Posted in Finance, Accounting and Economics Terms, Total Reads: 358
Definition: Tax Arbitrage
The technique of making profit from differences between the ways transactions are considered for the tax purposes. The complexity of tax calculation often drives individuals to structure their transactions in the most advantageous way. This will give them incentive of paying the least amount of tax. Some of these forms are legal while others are illegal.
Individual taxpayers invest their saving in tax-preferred investments e.g. Tax-exempt interest or corporate stock on which capital gains could be deferred from taxation. Similarly, corporations make investment in low-tax countries.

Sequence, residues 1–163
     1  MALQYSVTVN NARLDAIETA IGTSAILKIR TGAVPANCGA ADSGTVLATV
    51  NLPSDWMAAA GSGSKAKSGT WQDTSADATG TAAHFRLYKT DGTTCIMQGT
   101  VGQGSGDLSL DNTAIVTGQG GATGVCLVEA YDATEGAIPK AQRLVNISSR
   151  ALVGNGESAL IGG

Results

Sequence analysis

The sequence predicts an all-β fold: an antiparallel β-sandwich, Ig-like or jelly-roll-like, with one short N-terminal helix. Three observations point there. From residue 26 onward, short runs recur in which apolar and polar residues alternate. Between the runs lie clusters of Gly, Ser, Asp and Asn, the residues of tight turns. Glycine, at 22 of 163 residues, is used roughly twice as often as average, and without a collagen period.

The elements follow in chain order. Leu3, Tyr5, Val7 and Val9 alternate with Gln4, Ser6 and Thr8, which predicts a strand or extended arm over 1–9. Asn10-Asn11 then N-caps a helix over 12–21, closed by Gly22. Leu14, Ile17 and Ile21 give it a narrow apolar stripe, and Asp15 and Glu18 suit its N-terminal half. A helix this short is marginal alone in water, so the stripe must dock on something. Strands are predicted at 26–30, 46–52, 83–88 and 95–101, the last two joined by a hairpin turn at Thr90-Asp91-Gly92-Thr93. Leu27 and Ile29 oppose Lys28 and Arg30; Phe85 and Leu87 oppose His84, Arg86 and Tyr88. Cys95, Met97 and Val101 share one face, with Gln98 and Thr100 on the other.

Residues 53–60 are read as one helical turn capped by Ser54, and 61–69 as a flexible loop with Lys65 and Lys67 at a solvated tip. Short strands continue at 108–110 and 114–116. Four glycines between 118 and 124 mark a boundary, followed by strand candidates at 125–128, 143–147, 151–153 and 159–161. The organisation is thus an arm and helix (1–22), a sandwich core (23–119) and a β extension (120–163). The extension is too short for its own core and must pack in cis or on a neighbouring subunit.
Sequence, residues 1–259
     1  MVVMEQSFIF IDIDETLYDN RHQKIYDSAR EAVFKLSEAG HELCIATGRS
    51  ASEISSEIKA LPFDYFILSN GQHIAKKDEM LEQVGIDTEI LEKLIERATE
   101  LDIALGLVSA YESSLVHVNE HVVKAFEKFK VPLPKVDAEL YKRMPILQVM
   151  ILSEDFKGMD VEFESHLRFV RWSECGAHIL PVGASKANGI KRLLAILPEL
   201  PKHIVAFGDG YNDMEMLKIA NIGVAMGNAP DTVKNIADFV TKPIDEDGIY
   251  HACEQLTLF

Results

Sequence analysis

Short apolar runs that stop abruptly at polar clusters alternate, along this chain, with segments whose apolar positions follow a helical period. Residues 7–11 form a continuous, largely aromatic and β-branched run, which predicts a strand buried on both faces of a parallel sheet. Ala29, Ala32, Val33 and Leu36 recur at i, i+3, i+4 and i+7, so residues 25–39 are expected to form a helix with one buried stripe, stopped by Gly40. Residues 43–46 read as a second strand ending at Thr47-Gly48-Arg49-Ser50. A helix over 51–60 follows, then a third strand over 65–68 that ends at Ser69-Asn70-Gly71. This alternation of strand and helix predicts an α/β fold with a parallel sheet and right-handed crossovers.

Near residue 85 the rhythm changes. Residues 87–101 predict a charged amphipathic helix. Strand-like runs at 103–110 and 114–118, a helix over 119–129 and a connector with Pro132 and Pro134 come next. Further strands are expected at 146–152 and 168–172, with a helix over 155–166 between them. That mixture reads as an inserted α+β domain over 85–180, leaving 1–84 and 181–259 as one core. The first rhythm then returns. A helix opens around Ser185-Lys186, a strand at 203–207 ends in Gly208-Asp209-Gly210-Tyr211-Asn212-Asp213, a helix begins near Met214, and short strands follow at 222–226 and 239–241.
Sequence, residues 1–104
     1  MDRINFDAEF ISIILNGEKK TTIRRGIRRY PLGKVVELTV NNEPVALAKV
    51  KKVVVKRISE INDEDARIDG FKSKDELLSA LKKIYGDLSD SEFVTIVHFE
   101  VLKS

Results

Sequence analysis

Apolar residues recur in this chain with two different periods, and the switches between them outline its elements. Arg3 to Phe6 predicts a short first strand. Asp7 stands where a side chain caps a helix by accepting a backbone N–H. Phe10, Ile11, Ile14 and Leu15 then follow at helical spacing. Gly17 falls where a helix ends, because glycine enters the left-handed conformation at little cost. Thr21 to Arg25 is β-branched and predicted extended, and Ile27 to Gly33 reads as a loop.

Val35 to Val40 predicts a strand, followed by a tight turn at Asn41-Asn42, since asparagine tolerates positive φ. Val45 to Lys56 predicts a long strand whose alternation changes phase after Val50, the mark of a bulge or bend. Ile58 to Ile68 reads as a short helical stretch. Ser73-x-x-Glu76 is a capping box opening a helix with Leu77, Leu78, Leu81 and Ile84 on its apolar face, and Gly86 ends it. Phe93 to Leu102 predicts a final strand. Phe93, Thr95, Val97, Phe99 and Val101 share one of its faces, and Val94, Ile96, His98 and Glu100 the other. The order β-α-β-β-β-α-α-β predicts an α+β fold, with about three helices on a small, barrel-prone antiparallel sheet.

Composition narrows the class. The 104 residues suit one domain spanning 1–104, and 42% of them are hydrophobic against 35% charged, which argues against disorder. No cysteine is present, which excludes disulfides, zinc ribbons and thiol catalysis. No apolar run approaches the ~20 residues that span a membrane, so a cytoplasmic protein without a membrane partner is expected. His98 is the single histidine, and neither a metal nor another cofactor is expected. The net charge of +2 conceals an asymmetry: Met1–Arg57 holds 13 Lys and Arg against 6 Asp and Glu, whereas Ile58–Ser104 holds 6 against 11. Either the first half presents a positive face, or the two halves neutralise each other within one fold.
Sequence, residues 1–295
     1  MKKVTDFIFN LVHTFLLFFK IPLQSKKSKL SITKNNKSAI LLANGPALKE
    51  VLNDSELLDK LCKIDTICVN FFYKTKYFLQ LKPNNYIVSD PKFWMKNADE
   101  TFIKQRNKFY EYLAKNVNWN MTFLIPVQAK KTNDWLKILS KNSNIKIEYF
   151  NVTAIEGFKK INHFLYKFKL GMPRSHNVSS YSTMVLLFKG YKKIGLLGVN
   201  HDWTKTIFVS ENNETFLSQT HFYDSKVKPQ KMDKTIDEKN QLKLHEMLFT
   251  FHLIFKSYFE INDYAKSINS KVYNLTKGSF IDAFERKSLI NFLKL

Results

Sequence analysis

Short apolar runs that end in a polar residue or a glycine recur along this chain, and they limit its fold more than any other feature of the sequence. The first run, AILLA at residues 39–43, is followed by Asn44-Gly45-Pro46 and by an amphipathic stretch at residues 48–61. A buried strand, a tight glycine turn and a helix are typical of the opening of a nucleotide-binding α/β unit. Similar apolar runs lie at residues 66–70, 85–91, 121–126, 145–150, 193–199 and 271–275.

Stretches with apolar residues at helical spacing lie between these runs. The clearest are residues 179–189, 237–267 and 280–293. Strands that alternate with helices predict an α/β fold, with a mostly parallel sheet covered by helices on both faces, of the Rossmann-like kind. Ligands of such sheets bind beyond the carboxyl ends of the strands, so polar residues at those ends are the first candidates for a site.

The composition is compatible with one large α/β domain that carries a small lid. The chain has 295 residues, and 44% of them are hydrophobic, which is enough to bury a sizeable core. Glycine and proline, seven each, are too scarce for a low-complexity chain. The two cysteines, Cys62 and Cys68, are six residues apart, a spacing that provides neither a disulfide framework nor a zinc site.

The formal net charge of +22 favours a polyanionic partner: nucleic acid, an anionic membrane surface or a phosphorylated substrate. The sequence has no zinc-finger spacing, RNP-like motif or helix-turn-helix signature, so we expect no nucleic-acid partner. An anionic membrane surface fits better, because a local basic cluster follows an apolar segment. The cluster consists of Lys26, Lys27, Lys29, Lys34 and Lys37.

Other examples include borrowing to purchase housing, consumer durables, pension assets, and IRAs, state and local bonds, as well as real estate and corporate stock for which special treatment or exclusions are provided for capital gains.
Example of the Businesses who are involved in the tax arbitrage are
• When Businesses borrow to buy a stock
• In case of merger
• When businesses engage in leverage buyout of another company